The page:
Why meditation is so crucial to our happiness
We can always find reasons, real or imagined, to avoid meditation. I used to have a long list of reasons why meditation wasn’t for me. I thought I had to change my lifestyle to meditate (not true) and it was never the “right time.” Sound familiar?
We all know meditation has major benefits, so why do we have so many excuses to avoid it? And we know we need self-care, but we just don’t prioritize it.
Eventually, I got over myself and learned to meditate. I couldn’t believe I hadn’t started sooner. Meditation truly transforms and improves life from the inside out. But even with a dedicated practice, my mind will try to justify skipping a meditation (just this once, of course).
So how do we move past the excuses?
We first have to understand there is no perfect time to meditate. We’ll never meditate if we’re waiting for a silent candlelit room or a moment with no to-do list in sight. We meditate to feel relaxed and renewed — not the other way around. Why meditation works so well is its ability to help us deal with the constant chaos that life presents.
Don’t allow excuses to keep you away from the powerful benefits of meditation. Below are some common stories we tell ourselves to avoid mediation (and how to overcome them for some well-deserved peace).
You’d meditate… if only you had the time.
“You should sit in meditation for twenty minutes every day — unless you’re too busy. Then you should sit for an hour.” – Zen Proverb
If you have a busy schedule, it can feel challenging or counterproductive to meditate. The (scientific) truth is, meditation improves your focus and increases your productivity. Not only will you get more done, you may even find a little joy in your tasks along the way.
Need more motivation? Maybe it will put things into perspective to learn that Katy Perry, Oprah, and Tom Brady meditate daily. If they can find time to meditate, anyone can. These super busy celebs find the time for one simple reason — they make meditation a priority. Once you decide to make meditation a priority, it eventually becomes an automatic part of your routine (just like brushing your teeth). Try meditating first thing in the morning to make sure you get it in. You can even prop up in bed for a “beditation.”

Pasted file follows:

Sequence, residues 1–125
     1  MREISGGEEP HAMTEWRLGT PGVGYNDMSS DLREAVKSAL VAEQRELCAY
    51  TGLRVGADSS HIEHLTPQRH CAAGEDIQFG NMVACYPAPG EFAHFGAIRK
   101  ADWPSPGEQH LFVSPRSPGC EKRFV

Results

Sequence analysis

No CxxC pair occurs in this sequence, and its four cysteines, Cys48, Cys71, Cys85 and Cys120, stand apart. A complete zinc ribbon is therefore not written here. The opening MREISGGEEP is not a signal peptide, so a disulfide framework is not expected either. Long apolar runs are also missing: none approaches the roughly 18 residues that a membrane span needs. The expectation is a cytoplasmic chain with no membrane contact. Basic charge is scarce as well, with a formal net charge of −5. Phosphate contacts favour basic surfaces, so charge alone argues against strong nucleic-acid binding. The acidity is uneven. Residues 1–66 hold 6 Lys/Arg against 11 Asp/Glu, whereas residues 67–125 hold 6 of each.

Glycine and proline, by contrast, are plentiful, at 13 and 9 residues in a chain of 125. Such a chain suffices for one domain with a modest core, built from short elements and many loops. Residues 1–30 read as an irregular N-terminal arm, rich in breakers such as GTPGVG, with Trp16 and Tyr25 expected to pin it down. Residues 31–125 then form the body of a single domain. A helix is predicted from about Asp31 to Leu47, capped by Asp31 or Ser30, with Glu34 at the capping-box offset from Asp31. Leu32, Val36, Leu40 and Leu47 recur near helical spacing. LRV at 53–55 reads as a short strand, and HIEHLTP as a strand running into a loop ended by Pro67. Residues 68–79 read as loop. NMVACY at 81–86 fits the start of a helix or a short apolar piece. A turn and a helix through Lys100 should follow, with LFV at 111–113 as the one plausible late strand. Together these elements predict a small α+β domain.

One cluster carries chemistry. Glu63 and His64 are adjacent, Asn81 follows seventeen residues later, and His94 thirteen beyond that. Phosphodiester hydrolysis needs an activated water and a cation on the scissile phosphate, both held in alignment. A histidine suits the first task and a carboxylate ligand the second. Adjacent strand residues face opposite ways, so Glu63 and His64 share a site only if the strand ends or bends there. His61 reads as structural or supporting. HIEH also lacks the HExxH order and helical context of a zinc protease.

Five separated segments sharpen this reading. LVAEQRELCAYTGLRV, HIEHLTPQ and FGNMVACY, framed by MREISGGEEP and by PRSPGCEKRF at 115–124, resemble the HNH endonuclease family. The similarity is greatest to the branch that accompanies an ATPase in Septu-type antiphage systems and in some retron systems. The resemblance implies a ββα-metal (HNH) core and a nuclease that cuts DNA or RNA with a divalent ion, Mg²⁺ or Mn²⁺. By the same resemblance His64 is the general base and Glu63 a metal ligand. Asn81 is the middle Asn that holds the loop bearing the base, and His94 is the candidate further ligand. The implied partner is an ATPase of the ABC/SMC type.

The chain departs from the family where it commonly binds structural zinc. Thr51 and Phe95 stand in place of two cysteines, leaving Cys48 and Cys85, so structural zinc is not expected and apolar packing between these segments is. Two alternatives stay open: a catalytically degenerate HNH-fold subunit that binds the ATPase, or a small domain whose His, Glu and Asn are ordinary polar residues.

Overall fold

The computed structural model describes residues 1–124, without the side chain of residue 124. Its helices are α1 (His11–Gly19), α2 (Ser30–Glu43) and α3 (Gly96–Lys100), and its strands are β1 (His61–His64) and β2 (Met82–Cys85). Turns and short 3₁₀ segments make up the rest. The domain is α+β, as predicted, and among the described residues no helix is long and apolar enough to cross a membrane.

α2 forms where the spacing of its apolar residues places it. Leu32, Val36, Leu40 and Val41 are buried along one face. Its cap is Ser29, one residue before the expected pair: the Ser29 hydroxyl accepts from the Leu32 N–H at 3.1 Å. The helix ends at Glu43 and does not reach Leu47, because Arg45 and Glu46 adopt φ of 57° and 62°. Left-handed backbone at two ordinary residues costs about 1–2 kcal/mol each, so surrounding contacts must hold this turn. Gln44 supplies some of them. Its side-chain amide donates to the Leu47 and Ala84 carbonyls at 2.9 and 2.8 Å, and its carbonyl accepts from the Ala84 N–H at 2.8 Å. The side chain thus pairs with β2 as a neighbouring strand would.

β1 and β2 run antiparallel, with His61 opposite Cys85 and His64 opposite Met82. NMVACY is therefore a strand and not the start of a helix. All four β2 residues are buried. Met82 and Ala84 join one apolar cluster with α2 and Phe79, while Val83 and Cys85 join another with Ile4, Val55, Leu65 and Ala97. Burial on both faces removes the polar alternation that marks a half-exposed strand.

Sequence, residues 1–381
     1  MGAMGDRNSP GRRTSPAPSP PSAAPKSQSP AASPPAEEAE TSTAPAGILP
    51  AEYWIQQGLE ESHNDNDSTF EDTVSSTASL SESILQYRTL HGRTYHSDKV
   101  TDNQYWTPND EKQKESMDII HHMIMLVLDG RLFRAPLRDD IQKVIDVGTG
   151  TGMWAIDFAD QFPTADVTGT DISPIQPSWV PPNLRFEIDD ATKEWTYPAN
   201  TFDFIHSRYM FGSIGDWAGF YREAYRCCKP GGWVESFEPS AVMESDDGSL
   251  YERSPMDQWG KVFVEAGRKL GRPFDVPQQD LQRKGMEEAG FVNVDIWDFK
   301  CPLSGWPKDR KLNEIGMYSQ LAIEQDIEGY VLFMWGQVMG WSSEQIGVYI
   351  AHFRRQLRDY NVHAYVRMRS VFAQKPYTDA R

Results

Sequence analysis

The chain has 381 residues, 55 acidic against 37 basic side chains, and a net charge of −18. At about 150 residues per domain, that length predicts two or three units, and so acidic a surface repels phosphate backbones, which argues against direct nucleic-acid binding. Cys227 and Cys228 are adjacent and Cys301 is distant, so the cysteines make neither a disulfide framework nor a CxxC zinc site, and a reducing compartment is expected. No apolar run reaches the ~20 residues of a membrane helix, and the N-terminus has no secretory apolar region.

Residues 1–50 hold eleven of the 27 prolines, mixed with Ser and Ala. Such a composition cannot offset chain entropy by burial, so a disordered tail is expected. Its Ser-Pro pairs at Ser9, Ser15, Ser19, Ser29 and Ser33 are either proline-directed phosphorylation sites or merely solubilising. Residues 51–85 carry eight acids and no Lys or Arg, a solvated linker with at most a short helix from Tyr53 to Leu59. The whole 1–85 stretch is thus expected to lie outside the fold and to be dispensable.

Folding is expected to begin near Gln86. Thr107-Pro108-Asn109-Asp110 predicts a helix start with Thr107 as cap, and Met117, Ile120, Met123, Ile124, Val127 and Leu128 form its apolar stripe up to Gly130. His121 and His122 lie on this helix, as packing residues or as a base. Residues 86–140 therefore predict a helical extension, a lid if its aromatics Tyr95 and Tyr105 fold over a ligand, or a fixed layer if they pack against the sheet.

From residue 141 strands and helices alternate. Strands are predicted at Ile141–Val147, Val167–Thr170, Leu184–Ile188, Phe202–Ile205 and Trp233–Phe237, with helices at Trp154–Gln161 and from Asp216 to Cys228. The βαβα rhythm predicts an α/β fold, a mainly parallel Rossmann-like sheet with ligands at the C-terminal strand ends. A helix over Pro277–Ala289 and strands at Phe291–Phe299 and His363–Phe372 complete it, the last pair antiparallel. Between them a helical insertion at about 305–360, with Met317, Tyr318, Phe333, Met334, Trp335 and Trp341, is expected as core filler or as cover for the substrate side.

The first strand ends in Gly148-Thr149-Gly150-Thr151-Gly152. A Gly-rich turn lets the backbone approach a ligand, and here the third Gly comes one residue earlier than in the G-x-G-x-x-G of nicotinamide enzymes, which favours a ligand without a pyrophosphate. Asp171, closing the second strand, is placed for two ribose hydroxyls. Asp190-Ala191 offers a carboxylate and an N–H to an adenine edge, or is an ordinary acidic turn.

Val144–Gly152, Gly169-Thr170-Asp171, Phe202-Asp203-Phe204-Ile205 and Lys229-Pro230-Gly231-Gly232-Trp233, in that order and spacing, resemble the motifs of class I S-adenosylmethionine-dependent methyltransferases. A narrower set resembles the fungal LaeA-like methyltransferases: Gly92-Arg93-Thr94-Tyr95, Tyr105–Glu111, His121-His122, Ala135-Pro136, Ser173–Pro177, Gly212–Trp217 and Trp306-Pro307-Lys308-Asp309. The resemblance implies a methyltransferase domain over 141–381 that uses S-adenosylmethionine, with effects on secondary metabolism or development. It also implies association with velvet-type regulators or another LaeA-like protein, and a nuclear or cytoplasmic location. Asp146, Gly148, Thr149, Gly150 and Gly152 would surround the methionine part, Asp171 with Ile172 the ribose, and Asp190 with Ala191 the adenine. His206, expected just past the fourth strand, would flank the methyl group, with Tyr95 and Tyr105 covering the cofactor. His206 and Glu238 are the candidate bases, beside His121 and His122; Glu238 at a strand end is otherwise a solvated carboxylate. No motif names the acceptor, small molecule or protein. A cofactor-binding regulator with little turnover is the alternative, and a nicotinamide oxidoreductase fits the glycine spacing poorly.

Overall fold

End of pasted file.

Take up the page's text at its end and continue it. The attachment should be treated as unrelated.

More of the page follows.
Your mind is too busy. This is precisely why meditation feels overwhelming or too difficult. We fail to accept that meditation is exactly how we can bring our minds to a calmer place.
Meditation doesn’t always feel “peaceful” or “successful,” but that doesn’t mean the benefits aren’t seeping into your life. It’s totally normal to find it difficult to bring your attention back to something (like your breath) in the depths of racing thoughts.
The goal of meditation isn’t to achieve a “blank” mind. Regular practice helps us build the muscle to notice our thoughts without judgment. It’s when we catch our thoughts taking over the show that we take a step back from the autopilot chatter of the mind. With practice, you’ll find that your mind quiets down more and more.
Do you struggle to sit still? Try a moving meditation like yoga or tai chi to settle your mind and body. It can also be useful to listen to a guided meditation to help you feel relaxed. Check out this chakra meditation or a meditation app like Insight Timer.
You’re not sure if meditation is really for you
Meditation is sorta like going to the gym for the mind. You can’t just show up once and leave with a six-pack. It takes time for meditative peace to sink into daily life. If we think we should understand everything about meditation and its benefits right away, we’ll likely struggle to meditate regularly. Trust the process. My teacher once told me, if you feel better (even just a tiny bit better) after a meditation you’re doing it right. Just keep doing what you’re doing.
If you’ve tried to stick it out and you’re still not sure meditation is your thing, consider exploring different forms of meditation. There are so many techniques out there, each with a totally different approach. Meditation experts have sorted meditation techniques into three categories: focused attention (concentration on your breath or an object), open awareness (mindfulness), and automatic self-transcending (transcendental meditation).
That’s just a fancy way to say there’s a method for everyone: mindfulness meditation (active or seated), transcendental meditation, concentration meditation, Vedic meditation, shamanic journeys, guided visualizations, or even just taking a walk. Remember, all forms of meditation are easy to practice and make life (much) more manageable.
I don’t know about you, but I’m tired of thinking about the same stressors over and over again. Meditation helps us rest peacefully in our awareness instead. Sure, there are times you have to meditate in your car in-between meetings (or force yourself out of a deep Instagram scroll). As with anything, it takes an effort to stay committed, but the benefits are endless.